Uncover the secret life of Mary Bennet and the extraordinary adventures you had no idea were hidden between the lines of Jane Austen's classic tale.
Matrimony is not a destiny that attracts plain but clever Miss Mary Bennet.
With her family’s fortunes threatened by their own foolish mistakes, deceptive rogues and the inconvenience of male heirs to her family home, the future looks unstable, even bleak. But Mary possesses a secret weapon . . . a bonnet that allows her to travel in time.
In orchestrating events according to her own inclinations, Mary takes an unconventional route to protect her family from ruin. However, she is unprepared for the dark path down which duty and power will lead her.
Some of my favorite tales from movies and literature include time travel. The Outlander series, The Time Traveler’s Wife (the book, not the movie), Somewhere in Time/Bid Time Return, and Back to the Future are just a few titles which come to mind. In each case, the plausibility of the “science” or magic behind the time traveling is not crucial. The story and overarching narratives carry more weight in my opinion of a piece. Can one truly walk “through” ancient standing stones to 18th century Scotland? Shall we one day find ourselves riding in souped-up DeLoreans at 88 miles per hour into another era? If time travel does become possible, it most certainly won’t be via those mechanisms. And yet, fans of those tales are able to enjoy them because they accept their premises. After this, we move on to the story itself and are amused with the repercussions of those travels through time.
In her novel Back to the Bonnet, author Jennifer Duke does not employ the use of a DeLorean for time travel. Instead, the mode of transport comes in the form of a well worn, out of fashion bonnet set in the world of Jane Austen’s Pride and Prejudice. If that premise has you grimacing rather than giggling, then Back to the Bonnet is not for you. It is for similar reasons that I myself have avoided reading Austenesque fiction that involves zombies or aliens, for example. I’m just not going to buy into those stories. But manipulating the embroidery of a bonnet, stitch by stitch to add or subtract time? Sure! Why not? Yes, it’s absurd, but it’s my kind of absurdity!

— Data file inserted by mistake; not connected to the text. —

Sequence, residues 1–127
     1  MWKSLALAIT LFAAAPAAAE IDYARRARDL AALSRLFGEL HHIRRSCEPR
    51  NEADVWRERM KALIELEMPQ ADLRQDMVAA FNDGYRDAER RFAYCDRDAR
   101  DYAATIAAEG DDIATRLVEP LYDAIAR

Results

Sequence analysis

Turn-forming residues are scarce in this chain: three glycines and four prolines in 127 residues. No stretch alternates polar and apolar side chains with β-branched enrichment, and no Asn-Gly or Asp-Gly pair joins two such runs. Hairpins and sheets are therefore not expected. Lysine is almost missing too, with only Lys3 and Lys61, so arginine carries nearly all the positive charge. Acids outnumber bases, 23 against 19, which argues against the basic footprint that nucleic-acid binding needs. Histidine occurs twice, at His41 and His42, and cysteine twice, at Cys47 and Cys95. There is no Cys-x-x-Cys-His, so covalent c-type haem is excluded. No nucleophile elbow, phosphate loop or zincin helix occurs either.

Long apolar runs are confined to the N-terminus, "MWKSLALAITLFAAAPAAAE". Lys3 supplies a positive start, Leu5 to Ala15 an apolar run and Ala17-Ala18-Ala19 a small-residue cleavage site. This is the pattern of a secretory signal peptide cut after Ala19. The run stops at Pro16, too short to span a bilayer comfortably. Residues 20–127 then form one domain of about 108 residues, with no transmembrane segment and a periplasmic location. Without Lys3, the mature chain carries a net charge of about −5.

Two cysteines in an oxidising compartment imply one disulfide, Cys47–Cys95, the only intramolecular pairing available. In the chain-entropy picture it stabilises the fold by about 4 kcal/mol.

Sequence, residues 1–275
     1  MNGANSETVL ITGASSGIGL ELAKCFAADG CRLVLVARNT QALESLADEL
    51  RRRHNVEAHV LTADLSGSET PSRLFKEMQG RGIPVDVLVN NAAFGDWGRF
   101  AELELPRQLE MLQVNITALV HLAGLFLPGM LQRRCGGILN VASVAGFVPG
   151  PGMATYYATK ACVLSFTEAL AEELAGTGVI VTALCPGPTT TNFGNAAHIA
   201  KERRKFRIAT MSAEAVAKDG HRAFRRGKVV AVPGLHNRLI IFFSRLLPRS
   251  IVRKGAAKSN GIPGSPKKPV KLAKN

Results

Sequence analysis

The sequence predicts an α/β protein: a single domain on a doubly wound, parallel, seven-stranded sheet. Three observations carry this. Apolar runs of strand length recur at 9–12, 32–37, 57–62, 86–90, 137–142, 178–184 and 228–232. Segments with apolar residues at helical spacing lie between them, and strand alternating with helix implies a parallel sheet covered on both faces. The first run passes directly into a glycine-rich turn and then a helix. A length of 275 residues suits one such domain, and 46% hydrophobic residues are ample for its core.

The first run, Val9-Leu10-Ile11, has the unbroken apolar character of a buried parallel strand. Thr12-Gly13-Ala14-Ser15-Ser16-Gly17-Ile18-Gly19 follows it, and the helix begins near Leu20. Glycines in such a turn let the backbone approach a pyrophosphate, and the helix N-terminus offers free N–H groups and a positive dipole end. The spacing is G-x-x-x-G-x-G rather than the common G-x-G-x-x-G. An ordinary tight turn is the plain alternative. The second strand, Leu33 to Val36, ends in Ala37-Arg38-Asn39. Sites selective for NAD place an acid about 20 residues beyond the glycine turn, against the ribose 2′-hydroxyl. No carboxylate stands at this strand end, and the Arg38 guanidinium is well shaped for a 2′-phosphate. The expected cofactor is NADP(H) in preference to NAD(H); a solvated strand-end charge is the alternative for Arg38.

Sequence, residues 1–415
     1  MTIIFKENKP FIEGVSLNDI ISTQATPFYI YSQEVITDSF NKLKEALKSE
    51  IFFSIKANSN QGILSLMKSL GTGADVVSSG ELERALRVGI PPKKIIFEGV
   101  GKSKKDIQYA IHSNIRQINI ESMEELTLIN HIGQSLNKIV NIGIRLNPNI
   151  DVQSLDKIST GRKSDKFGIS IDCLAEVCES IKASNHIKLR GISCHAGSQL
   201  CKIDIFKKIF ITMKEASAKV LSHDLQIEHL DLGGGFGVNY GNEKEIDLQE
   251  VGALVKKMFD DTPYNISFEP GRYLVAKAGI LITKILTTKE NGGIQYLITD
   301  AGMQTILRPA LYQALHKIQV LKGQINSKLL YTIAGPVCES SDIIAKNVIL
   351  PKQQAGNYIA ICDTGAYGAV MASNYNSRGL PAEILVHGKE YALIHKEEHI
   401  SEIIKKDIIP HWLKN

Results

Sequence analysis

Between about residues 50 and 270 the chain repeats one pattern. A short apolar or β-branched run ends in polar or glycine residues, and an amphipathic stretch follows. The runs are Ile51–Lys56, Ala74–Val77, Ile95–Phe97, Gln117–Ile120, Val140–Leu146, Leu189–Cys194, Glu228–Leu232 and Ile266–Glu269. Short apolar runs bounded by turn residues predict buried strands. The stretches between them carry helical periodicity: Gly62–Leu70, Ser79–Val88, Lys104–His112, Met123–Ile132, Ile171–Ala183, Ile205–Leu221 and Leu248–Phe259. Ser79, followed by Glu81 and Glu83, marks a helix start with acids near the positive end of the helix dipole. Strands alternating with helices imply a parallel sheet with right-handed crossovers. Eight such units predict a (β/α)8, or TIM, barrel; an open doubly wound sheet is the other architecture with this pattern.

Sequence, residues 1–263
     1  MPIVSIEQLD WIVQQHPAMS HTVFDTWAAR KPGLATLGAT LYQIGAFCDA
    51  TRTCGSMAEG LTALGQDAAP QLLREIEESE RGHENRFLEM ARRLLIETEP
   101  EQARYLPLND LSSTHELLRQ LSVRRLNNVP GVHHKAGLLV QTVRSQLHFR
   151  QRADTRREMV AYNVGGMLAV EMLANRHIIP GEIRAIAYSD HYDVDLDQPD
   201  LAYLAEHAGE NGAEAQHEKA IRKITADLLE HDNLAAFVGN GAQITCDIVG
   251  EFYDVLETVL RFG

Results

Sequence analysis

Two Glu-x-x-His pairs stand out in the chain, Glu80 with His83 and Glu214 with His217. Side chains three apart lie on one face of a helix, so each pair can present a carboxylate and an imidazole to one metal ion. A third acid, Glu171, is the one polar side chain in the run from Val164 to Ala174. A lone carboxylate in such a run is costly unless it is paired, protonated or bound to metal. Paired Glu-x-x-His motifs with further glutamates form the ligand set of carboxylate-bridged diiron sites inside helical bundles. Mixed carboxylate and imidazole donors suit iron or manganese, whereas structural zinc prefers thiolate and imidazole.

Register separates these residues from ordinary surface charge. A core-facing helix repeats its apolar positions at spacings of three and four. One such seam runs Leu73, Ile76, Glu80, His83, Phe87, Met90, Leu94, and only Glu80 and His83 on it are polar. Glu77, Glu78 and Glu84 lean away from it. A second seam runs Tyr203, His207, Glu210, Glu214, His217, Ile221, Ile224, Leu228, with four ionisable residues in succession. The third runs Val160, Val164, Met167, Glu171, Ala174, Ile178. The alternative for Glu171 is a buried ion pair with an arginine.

Pride and Prejudice is arguably Austen’s most popular novel, and the less-popular character of Mary Bennet is often overshadowed by the beautiful Jane, the tempestuous Lydia, or the protagonistic Elizabeth. In Back to the Bonnet, Mary takes center stage after haphazardly inheriting a magical bonnet that can transport its wearer through time. Through this device, Miss Bennet is able to right wrongs that readers of Austen’s work have never been privy to in the past. Mary’s choices aren’t flawless however. She stumbles at times and learns that she cannot control all aspects of her loved ones’ fates. Along the way however, readers will be treated to an amusing speculation of what “would have been” if the characters of Pride and Prejudice had made different choices, or if Mary had not been secretly working behind the scenes to give destiny a little “nudge”. In Jennifer Duke’s world, the dowdy, almost ignored Bennet sister becomes a powerful force working to ensure the happiness and security of the entire family.